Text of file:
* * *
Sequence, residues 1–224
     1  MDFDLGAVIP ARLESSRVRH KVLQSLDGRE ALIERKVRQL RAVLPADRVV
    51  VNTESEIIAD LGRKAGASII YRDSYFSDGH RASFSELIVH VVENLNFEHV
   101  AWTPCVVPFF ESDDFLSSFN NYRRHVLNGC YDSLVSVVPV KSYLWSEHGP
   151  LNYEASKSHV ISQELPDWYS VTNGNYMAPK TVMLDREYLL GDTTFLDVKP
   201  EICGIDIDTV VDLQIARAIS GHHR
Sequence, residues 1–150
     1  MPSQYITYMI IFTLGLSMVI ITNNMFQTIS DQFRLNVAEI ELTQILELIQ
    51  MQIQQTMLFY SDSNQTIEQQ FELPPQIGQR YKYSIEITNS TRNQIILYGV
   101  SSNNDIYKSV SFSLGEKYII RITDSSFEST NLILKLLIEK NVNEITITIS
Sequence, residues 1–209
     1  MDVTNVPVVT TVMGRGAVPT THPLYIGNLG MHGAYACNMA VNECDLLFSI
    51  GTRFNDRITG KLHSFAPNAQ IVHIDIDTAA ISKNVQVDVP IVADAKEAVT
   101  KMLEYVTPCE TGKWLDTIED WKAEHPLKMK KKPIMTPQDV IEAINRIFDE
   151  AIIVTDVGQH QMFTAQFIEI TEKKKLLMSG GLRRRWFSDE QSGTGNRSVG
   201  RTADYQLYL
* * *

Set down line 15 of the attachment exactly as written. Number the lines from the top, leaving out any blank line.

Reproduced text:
   151  AIIVTDVGQH QMFTAQFIEI TEKKKLLMSG GLRRRWFSDE QSGTGNRSVG